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Spanish jets scramble from Romanian Black Sea base to identify Russian fighters

editor: REMIX NEWS
author: Dénes Albert
via: Ziare

On March 4, two Spanish Eurofighters stationed at the Romanian Black Sea Mihail Kogălniceanu air base were scrambled to identify two Russian military planes flying without their transponders turned on, Romanian news portal Ziare reports.

Lieutenant Colonel Jose Enrique Hernandez Medel, commander of the Spanish Air Force detachment stationed at the Mihail Kogălniceanu base,  reported that Russian aircraft flew with their transponders turned off and without contacting the air traffic control service. The alarm was raised by NATO’s Combined Air Operations Centre in Torrejón, Spain, who then scrambled the Spanish NATO contingent based at the Romanian airport.

A number of Russian publications close to the Kremlin, such as Politnavigator and Topcor, cite Yuriy Sitnik, an internationally recognized Russian pilot who is a member of the “Officers of Russia” organization, who says NATO has overestimated the danger posed by Su-30SM aircraft in the southern Black Sea. According to him, in the case of the March 4 flights, one can speak “only about some standard training flights of the Russian pilots”, writes the DefenseRomania.ro publication.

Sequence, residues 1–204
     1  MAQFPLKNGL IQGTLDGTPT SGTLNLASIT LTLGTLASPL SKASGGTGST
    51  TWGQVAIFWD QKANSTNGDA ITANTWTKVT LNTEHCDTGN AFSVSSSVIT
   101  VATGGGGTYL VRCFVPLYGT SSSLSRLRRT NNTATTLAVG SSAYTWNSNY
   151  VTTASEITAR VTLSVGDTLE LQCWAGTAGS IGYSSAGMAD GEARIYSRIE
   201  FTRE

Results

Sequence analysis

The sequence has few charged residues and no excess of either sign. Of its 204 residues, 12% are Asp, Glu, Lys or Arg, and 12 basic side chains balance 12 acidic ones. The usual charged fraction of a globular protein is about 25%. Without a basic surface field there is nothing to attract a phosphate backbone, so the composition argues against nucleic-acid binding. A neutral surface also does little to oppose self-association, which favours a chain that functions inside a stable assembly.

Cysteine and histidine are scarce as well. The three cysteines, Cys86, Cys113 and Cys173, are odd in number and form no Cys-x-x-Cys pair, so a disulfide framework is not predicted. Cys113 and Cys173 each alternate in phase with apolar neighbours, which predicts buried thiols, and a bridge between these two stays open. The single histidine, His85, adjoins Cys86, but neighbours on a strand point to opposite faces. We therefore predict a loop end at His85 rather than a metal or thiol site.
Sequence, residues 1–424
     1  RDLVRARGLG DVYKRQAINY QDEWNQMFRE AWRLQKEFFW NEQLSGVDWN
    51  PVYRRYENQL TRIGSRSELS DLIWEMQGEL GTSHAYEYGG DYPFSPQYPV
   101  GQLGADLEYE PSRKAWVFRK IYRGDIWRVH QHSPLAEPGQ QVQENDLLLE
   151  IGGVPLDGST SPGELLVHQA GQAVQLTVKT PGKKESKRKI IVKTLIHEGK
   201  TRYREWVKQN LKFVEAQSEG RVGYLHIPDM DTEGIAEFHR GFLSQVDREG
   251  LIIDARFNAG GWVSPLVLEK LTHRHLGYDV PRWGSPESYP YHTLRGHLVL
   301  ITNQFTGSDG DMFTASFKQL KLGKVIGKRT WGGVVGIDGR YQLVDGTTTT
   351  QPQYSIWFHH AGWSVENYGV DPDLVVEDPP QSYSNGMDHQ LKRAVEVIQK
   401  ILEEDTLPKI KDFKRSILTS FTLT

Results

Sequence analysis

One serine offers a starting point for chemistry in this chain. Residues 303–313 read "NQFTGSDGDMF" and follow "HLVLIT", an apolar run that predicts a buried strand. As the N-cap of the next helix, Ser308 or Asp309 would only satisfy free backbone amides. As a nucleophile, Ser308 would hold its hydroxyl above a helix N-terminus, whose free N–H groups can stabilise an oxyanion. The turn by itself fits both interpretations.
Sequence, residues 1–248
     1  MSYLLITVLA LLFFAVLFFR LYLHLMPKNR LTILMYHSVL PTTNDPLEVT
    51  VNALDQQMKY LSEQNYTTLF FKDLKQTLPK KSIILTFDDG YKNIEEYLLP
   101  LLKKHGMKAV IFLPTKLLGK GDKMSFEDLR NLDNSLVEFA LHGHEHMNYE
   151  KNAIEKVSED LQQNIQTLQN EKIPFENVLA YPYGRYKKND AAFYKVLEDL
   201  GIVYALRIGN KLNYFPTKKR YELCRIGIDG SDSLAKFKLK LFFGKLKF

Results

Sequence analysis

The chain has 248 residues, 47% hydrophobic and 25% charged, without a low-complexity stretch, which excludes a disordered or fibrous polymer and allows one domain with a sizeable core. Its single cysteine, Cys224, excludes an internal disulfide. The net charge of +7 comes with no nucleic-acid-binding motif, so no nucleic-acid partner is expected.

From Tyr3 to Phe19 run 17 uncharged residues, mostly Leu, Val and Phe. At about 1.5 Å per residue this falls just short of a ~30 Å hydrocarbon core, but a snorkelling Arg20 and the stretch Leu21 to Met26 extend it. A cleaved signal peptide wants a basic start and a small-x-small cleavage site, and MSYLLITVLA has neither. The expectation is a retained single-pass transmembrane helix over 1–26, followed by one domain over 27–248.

“When we fly from the Crimea, they accompany us. When they fly, we accompany them. These are common games for men,” Sitnik said in an interview with Politnavigator.

Regarding the disconnected transponders, the Russian pilot said that the equipment was stopped “to obtain greater stealth protection”, but also for the Russians to better understand NATO’s radar system and the alliance’s response speed and availability.

At the same time, 1st rank Captain Sergei Gorbachev, presented by the Russian press as a military expert, considers that as Su-30SM aircraft have evolved in international airspace, “there is no need to talk about an interception, but rather patrol in a certain area”.

Last year alone, NATO planes were scrambled more than 400 times in Europe to identify military planes flying without their transponders turned on. In 90 percent of the cases, these turned out to be Russian planes. NATO has often complained that by leaving their transponders off, Russian military fights are invisible to civilian air controllers and are a risk to civilian flights.

As Remix News recently reported, the Romanian Defense Ministry launched the first 2.1 billion Romanian leu (€430 million) tender for the expansion of the Mihail Kogălniceanu air force base (57th RoAF base) near the Black Sea port of Constanţa.

Title image: Russian SU-30M air superiority fighter. (source: russianplanes.net)